Charpentier v. State

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Charpentier v. State
1987 WY 55
736 P.2d 724
Case Number: 86-210
Decided: 05/04/1987
Supreme Court of Wyoming

Thomas B. CHARPENTIER, Appellant (Defendant)






The STATE of Wyoming, Appellee (Plaintiff)



Public Defender Program: Leonard Munker, State Public Defender, and Martin J. McClain, Deputy State Public Defender; and Wyoming Defender Aid Program: Gerald M. Gallivan, Director, and William A. Kurlander, Student Intern, for Appellant.



A. G. McClintock, Attorney General; John W. Renneisen, Senior Assistant Attorney General; and Karen A. Byrne, Assistant Attorney General, for Appellee. 



Before Brown, C.J., and Thomas, Cardine, Urbigkit, and Macy, JJ. Macy, J., delivered the opinion of the Court; Urbigkit, J., filed a dissenting opinion. 



MACY, Justice.



[¶1.]     Appellant Thomas B. Charpentier was found guilty by a jury of forgery in violation of § 6-3-602(a)(i) and (iii), W.S.1977. The district court fined appellant $ 500 and sentenced him to one and one-half to three years in the Wyoming State Penitentiary.



[¶2.]     Appellant contends on appeal to this Court that, because he was not represented by counsel at the preindictment lineup, his conviction should be reversed. Although cognizant of the rule that the right to representation by counsel attaches only when adversarial judicial criminal proceedings have commenced, appellant urges us to find that the right attaches at a preindictment line-up.



[¶3.]     We decline to extend the right to representation by counsel guaranteed by the Sixth Amendment to the United States Constitution and Art. 1, § 10 of the Wyoming Constitution to the preindictment lineup stage of the criminal proceedings, and consequently we affirm.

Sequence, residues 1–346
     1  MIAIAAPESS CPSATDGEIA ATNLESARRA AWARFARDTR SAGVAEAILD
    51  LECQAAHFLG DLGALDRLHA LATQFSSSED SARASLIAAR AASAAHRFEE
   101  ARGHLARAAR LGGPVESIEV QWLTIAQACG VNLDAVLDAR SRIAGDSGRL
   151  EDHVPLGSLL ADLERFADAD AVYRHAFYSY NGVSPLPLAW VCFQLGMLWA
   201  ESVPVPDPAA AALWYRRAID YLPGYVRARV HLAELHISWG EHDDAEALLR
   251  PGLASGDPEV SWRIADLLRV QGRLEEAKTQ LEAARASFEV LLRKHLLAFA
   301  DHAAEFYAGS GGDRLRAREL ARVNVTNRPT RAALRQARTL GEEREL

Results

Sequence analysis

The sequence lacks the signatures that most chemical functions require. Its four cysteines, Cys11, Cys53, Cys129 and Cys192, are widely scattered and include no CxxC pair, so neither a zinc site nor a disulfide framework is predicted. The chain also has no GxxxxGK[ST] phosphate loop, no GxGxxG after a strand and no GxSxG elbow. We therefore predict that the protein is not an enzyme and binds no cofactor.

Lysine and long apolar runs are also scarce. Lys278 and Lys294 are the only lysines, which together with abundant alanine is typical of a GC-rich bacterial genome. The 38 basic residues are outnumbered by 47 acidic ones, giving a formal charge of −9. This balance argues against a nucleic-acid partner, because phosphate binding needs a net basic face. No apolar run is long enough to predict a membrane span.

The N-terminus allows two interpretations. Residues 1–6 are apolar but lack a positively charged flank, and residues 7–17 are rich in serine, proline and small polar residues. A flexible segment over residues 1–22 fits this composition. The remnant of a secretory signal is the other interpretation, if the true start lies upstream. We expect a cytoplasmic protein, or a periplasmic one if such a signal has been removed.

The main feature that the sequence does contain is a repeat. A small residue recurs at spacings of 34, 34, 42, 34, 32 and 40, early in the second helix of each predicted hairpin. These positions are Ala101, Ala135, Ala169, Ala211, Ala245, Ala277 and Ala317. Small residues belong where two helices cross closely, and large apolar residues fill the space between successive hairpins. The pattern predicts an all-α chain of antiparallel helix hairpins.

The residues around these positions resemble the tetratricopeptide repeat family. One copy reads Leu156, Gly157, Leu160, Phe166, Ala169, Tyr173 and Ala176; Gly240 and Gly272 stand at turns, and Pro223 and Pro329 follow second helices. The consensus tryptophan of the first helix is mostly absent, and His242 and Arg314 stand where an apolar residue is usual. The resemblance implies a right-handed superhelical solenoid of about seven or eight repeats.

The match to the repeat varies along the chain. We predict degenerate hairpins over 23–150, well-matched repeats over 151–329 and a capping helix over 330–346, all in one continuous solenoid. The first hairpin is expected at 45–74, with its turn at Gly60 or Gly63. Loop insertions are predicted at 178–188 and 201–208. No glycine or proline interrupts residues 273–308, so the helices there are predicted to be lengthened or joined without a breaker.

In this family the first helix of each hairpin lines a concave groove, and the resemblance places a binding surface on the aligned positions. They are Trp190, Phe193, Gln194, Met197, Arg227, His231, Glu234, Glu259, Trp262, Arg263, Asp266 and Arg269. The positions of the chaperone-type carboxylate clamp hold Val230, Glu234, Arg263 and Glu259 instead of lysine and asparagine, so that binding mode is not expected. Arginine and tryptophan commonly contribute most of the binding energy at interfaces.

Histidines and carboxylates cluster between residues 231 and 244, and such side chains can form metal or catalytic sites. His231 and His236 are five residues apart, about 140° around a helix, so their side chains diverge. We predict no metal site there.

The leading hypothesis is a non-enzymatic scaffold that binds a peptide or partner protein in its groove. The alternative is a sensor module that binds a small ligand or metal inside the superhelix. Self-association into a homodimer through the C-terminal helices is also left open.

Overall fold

[¶4.]     On January 17, 1986, at approximately nine in the morning, two men approached a teller window at Norwest Bank in Gillette, Wyoming. One of the men endorse a check with the name Tom Charpentier and placed a driver's license belonging to Tom Charpentier on the counter. The signature endorsed on the back of the check matched the signature on the driver's license. On the front of the check, the name of the original payee was marked out and the name Tom Charpentier was written in its place. The teller cashed the check, paying the man primarily with $ 50 and $ 20 bills.



[¶5.]     Approximately a half an hour later, the teller learned that the check had been reported stolen earlier that morning and that a stop payment order had been placed on it. The bank contacted the Campbell County sheriff's office, and shortly thereafter Deputy John Bruner arrived to investigate. He obtained a description from the teller of the man who cashed the check and an address for Tom Charpentier. Finding no one at home at the address, the deputy spoke to the landlord and was told that Charpentier had paid his rent that day with $ 50 bills. As he was leaving, Deputy Bruner saw appellant, whose appearance matched the description provided by the bank teller, coming out of the apartment. Deputy Bruner approached appellant and, following a brief discussion, arrested him for forgery.



[¶6.]     At the sheriff's office later that afternoon, appellant was placed in a lineup with four other men. The bank teller then was asked if the man for whom she had cashed the check that morning was among the five men. She identified appellant. Later that evening, Deputy Bruner filed a criminal complaint charging appellant with forgery and fraud.